Format

Send to

Choose Destination
J Natl Med Assoc. 2004 Dec;96(12):1594-8.

The relationship of internalized racism to body fat distribution and insulin resistance among African adolescent youth.

Author information

1
New York Obesity Research Center at St. Luke's-Roosevelt Hospital, Columbia University College of Physicians and Surgeons, 1090 Amsterdam Ave., Suite 14F, New York, NY 10025, USA. ecc2106@columbia.edu

Abstract

This study examined the relationship of internalized racism (INR) and hostility to body fat distribution and insulin resistance in black adolescent children age 14-16 years on the Caribbean island of Barbados. Questionnaire data on psychosocial variables and anthropometric measurements, together with a fasting blood sample, were obtained from 53 low-birthweight and 119 normal-birthweight adolescents. Insulin resistance was calculated using the homeostasis model assessment (HOMA). Spearman correlation analyses showed that both INR (r = 0.244) and hostility (r = 0.204) were significantly (p < 0.05) correlated with waist circumference in girls but not boys. Among girls, age- and birthweight-adjusted mean levels of BMI and waist circumference were greater for those with high levels of INR and hostility compared to those with low levels of both variables. In multiple logistic regression analyses, a high INR remained independently associated [odds ratio = 3.30 (95% CI = 1.30-8.36); p = 0.012] with having an elevated HOMA value in models that included age, income, birthweight, hostility, physical activity and family history of diabetes. The results of the current study show that the positive relationship between INR and metabolic health risk seen in African-Caribbean adults also exists in African Caribbean adolescent youth independent of birthweight.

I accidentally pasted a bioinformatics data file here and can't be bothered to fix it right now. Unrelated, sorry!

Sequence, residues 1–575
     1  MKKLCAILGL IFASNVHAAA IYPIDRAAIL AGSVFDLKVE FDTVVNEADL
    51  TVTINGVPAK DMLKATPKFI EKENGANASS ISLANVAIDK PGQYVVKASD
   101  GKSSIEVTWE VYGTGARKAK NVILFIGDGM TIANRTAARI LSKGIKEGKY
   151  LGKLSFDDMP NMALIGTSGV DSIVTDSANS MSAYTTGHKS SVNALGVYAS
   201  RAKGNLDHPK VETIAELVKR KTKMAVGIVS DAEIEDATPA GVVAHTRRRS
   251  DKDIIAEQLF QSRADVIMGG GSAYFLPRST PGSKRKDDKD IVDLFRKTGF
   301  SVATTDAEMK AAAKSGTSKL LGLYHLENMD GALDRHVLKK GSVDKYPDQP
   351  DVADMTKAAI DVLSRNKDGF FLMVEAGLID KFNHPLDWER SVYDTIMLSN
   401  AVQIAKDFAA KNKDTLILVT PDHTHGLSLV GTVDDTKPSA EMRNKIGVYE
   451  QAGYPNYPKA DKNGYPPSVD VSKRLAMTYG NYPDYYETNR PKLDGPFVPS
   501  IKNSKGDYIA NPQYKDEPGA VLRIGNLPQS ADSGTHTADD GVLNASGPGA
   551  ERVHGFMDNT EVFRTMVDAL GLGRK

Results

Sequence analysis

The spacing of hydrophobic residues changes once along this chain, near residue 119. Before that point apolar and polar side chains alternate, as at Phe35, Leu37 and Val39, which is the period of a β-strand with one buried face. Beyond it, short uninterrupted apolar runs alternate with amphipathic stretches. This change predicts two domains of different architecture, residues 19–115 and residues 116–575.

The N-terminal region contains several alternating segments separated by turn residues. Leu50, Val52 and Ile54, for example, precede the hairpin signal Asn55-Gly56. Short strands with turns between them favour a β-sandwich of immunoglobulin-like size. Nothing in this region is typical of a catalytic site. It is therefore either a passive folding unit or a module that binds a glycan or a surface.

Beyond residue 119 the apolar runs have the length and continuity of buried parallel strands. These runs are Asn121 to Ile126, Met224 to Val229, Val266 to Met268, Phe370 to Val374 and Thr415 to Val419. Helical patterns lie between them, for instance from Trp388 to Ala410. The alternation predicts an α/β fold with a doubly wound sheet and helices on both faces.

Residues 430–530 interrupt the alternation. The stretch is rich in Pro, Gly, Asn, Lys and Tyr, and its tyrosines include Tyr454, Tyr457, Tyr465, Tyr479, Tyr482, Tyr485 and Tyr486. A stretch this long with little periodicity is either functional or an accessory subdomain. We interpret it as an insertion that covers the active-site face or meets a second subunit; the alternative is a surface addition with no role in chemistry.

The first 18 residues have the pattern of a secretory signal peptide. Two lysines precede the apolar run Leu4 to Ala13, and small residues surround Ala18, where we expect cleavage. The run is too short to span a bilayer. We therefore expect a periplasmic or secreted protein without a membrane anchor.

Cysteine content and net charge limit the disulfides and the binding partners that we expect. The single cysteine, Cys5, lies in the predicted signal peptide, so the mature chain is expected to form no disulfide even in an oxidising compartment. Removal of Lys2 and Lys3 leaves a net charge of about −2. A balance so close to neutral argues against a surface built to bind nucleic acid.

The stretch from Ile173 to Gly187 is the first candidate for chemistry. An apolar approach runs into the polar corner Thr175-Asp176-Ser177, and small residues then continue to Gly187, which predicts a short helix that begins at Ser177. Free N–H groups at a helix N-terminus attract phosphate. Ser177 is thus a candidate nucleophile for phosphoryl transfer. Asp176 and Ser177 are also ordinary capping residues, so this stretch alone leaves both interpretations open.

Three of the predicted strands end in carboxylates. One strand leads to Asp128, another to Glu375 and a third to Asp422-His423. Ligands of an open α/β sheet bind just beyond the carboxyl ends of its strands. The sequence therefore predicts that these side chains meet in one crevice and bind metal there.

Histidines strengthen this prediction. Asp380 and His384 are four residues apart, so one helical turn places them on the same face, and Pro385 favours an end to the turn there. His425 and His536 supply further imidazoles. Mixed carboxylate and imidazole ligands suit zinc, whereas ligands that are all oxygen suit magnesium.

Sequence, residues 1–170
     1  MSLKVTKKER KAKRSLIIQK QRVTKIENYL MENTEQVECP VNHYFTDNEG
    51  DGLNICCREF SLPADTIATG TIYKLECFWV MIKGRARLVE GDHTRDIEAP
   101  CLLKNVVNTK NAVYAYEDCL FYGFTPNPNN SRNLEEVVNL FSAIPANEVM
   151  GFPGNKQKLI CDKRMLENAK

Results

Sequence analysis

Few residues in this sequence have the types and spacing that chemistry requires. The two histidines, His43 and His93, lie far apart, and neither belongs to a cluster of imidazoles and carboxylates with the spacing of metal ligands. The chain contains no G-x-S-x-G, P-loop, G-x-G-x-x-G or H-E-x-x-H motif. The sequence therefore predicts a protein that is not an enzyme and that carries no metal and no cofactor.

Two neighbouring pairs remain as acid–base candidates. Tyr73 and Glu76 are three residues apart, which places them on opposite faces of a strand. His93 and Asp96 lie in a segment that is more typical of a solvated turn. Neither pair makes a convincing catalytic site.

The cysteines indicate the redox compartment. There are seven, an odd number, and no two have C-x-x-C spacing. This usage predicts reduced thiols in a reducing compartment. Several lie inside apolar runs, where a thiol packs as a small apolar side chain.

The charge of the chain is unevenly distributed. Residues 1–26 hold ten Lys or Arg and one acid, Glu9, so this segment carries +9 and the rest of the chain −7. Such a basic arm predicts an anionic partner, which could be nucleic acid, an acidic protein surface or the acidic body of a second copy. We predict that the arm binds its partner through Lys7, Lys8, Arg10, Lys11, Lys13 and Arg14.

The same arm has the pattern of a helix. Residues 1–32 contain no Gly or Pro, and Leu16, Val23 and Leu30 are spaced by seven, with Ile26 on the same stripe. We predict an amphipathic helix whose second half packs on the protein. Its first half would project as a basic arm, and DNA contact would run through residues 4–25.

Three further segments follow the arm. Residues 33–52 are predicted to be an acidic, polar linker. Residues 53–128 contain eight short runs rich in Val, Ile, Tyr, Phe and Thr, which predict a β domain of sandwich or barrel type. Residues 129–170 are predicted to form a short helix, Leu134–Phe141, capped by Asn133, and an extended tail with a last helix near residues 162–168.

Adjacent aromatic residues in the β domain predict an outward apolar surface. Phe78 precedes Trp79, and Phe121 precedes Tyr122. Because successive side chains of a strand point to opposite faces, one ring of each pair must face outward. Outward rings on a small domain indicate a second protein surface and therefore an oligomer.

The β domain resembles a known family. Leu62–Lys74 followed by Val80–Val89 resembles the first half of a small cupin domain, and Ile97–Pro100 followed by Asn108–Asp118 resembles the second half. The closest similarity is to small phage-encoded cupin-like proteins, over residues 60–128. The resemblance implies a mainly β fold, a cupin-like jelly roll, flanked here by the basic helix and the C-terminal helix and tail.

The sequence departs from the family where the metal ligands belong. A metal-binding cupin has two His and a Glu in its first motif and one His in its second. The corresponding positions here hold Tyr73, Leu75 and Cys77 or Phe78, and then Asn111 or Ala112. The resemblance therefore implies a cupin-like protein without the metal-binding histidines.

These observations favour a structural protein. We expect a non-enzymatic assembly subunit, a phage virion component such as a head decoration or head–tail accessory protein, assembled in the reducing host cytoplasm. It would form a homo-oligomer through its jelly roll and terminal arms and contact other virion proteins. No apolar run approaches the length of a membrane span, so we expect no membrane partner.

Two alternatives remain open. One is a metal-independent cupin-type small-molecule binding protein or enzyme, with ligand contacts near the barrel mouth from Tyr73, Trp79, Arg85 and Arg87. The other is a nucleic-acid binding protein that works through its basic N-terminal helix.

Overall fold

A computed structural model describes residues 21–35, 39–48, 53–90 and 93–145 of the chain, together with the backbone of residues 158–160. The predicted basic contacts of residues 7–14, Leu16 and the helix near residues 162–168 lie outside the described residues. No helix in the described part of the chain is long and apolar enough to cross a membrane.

PMID:
15622689
PMCID:
PMC2568670
[Indexed for MEDLINE]
Free PMC Article

Supplemental Content

Full text links

Icon for PubMed Central
Loading ...
Support Center